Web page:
I live here, so i shouldn't be and i am not apologizing. In any case, its difficult to avoid writing something on Africa, if you happen to spend a month living with passport holders and bona fide citizens of Nigeria, Madagascar, Democratic Republic of Congo, the Central African Republic and every two or three days, having visitors from Tanzania, Uganda and Ghana. Surely, doesn't a continent that attracts significant Chinese attention merit adequate blog-time and space? Besides, i consider myself a Pan Africanist. Enough reasons to continue with this post. If you are still not convinced, then you'd better stop reading now.
|The AU flag|
Difficult to avoid, as well, have been discussions on Africa's problems, from democracy (or lack of it) to poverty (and its abundance); and possible solutions.
African countries should colonize themselves. Sounds like a rather harsh and retrogressive statement to make. Well, 50 years after independence, more than a dozen African countries have little to show for it. A number of African 'scholars' will in fact be willing to demonstrate, just how deeply Africa is still reeling under new forms of colonization, or in academic parlance, 'neo-colonialism'. To these scholars, fora such as the ongoing 3rd Africa-EU summit on 'Investment, Economic Growth and Job Creation', is just another talk shop, meant to subtly expand the neo-colonial grip.
Why would the European powers care, they might ask, when they have to deal with serious economic issues that Ireland, Greece and Portugal are facing? If African countries took the initiative to colonize those countries on the continent that seem to have no clue how to get their house in order-like Somalia, Zimbabwe and a few others-then it would ensure that Africa's resources are not plundered. And if they are, at least they would remain within the continent. Instead of going to study in Europe or the United States, African students would go to universities in other African countries. It is already happening, but this could be ramped up. Brain drain would be consigned within the continent's borders and countries with food surplus would be made to share with their famine-stricken relatives. Think of it working more or less akin to the way traditional African societies functioned. If a man neglected his family, then the village elders would summon the fellow and question him, after which they would issue ultimatums and sanctions, getting the culprit back in line. It would not be an entirely new invention. When Kenya was in trouble, end of 2007/beginning of 2008, the African Union appointed former UN-Secretary General, Koffi Annan as chief mediator (chief village elder).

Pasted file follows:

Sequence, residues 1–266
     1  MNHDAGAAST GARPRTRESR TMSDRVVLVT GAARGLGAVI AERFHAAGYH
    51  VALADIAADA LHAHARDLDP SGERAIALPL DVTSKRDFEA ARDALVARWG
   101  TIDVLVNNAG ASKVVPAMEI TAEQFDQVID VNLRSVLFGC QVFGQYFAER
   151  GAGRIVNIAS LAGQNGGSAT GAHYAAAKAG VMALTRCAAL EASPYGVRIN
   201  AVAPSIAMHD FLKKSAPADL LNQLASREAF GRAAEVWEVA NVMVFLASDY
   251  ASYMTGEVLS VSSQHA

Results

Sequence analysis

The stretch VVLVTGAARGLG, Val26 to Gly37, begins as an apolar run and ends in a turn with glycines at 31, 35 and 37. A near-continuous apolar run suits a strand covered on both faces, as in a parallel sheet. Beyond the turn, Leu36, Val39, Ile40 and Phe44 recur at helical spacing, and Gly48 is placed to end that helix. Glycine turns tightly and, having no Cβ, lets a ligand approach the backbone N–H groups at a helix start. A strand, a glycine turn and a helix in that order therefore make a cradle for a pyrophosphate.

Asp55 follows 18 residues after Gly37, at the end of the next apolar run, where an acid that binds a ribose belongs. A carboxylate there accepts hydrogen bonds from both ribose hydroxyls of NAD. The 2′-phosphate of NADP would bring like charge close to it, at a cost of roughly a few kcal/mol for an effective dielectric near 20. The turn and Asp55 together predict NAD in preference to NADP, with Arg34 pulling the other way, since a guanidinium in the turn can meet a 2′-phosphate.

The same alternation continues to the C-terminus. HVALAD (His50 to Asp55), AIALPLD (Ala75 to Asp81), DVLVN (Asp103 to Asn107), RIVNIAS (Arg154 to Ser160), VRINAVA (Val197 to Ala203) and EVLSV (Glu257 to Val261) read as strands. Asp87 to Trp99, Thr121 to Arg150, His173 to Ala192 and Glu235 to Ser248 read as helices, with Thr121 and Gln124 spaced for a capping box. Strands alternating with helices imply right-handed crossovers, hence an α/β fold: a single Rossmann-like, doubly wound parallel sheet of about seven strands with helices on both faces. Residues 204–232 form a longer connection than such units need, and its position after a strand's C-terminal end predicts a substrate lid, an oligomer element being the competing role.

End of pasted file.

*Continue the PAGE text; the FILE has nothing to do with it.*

|L - R:Kofi Annan, President Kibaki and PM Odinga.( Annan seems to be saying,"Button up your jackets boys!"|
In turn, he crafted a panel of' 'Eminent African personalities' (other village elders) and showed up in Nairobi. In two to three weeks of 'negotiations', President Kibaki was shaking hands with Raila Odinga (now Prime Minister). The welcome message on the African Union web page states: 'An Effective and Efficient African Union for a New Africa'. Many pundits would argue that the AU is far from being effective and efficient, and therefore a New Africa remains a pipe-dream. In deed, the AU is considered to be an exclusive club of old-geezers who have no clue how to run bakeries, let alone countries. They would never criticize or admonish each other, even in the face of obvious 'human rights' abuses. That may explain why Omar el Bashir confidently waltzed into and out of Nairobi one cold August morning, with an International Criminal Court arrest warrant over his head. But i have a different take. Methinks these 'old-geezers' are very clever fellows. Otherwise how do you explain the fact that many of them have managed to stay in power for so long? I refuse to believe that it is because their citizens are stupid. No! These guys are geniuses. They are not just using their wiliness to produce the much needed effect. My hypothesis: If South Africa could team up with Malawi, Namibia and Zambia to hammer sense into the regime in Zimbabwe...if Kenya, Ethiopia and Djibouti could agree to keep the Somalis in check....if the North Africans conspired to use their oil wealth to drive economic growth in Burundi...then we would have an Africa, by Africans...for Africans...or would we?...Really??